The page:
Coral reefs are found in more than 100 countries across the globe, covering close to 110,000 square miles worldwide, and are typically located in tropical and subtropical waters near the surface and sunlight. More than 25% of all marine life on the planet live in coral reefs across the globe, including the Atlantic, Pacific, and Indian oceans, and just one reef has the capability to house thousands of different species. The world’s largest coral reef, the Great Barrier Reef, is home to 1,500 species of fish, including sharks and rays, as well as many different species of hard coral, soft coral, and various marine mammals. Twenty-five percent of coral reefs worldwide are already considered damaged beyond repair, and close to sixty-five percent of coral reefs are under serious threat. What is threatening the Coral Reefs? There are many things that are contributing to the coral reefs now being considered endangered, including the following:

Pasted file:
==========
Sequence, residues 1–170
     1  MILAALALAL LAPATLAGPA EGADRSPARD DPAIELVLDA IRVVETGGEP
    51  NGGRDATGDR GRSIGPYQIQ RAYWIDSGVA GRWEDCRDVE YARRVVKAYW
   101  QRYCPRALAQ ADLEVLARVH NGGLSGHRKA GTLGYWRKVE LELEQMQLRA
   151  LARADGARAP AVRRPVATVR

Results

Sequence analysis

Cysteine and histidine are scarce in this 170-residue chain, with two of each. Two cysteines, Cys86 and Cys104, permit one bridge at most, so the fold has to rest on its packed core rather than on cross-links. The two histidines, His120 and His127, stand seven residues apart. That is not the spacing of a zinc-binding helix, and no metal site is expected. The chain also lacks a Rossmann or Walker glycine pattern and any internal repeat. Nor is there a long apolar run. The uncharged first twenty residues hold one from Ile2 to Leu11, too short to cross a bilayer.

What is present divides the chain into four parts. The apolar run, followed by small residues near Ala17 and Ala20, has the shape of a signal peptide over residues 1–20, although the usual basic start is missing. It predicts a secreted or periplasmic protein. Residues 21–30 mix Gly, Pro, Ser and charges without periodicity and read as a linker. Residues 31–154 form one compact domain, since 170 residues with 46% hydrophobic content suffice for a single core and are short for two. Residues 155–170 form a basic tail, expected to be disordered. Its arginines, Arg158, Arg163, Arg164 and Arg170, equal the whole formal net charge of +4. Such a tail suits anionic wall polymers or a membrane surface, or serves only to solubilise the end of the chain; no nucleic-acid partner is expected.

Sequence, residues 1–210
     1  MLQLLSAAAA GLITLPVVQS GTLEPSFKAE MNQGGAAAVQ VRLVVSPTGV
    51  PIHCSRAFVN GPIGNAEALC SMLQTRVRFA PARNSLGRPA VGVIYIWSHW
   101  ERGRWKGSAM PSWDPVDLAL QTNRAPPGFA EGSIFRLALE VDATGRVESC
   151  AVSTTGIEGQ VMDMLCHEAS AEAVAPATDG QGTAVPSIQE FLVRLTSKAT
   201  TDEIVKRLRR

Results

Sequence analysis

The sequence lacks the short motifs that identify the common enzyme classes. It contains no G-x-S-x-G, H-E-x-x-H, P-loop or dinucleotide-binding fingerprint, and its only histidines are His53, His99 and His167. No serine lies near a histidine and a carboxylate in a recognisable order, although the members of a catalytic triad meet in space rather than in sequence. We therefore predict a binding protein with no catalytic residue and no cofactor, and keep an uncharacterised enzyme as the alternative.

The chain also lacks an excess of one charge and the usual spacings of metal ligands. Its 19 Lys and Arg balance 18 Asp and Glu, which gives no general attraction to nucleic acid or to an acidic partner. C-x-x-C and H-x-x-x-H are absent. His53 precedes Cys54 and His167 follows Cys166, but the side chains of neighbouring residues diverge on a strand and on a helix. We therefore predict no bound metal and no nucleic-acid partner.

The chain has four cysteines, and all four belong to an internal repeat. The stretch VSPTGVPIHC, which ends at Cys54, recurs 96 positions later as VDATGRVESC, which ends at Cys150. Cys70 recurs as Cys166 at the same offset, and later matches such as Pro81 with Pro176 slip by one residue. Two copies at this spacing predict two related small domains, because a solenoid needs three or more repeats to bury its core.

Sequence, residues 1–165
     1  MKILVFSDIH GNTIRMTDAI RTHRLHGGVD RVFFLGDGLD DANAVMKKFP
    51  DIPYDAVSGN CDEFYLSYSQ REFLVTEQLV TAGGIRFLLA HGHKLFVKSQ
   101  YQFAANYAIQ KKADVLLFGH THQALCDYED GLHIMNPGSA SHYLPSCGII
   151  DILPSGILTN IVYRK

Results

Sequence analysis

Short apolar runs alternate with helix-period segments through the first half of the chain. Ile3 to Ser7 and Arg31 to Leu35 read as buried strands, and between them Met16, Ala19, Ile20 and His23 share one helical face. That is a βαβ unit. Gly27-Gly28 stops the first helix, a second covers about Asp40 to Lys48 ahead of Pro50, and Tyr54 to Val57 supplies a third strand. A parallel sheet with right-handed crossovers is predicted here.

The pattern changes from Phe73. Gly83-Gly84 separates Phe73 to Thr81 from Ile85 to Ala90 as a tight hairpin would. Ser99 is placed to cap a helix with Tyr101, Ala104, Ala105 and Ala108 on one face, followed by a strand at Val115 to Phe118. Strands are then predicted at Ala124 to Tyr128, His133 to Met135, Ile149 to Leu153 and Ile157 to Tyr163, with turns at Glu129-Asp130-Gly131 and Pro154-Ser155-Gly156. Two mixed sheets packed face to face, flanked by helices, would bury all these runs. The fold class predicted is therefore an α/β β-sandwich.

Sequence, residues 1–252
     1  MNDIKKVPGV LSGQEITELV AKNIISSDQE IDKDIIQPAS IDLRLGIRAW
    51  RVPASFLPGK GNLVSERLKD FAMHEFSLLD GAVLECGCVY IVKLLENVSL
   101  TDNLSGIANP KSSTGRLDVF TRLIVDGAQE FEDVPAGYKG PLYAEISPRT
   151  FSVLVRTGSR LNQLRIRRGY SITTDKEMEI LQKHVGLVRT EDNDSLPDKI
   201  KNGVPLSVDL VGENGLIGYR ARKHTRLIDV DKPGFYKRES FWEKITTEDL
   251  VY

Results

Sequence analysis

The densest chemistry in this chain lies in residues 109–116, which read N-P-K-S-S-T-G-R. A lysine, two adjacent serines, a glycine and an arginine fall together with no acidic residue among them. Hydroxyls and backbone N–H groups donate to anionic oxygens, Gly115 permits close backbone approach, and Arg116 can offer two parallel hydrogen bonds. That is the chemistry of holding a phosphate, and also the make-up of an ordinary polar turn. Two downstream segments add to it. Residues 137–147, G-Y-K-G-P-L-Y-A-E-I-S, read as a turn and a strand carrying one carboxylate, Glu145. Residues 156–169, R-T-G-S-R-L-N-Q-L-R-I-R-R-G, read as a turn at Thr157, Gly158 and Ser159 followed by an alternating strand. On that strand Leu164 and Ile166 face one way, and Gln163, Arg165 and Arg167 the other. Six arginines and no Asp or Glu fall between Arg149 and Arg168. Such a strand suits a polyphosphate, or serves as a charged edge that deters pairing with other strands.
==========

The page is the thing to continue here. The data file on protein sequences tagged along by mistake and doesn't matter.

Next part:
- Climate change is causing changes in the oceans acid levels, resulting in a decrease in pH that will bleach and eventually kill the coral reefs.
- Bacteria, chemicals and other pollutants, including those from agriculture and untreated sewage are leaked into the ocean and jeopardise the health of the reefs.
- Overfishing, fishing nets, plastics, and other marine debris are constant assaults to the reefs and their inhabitants.
- Coastal development, dredging, and sedimentation all lead to reef habitat destruction.
- Unsustainable tourism has led to the destruction of major parts of world-famous reefs. Threats from tourism include stepping and anchoring on reefs.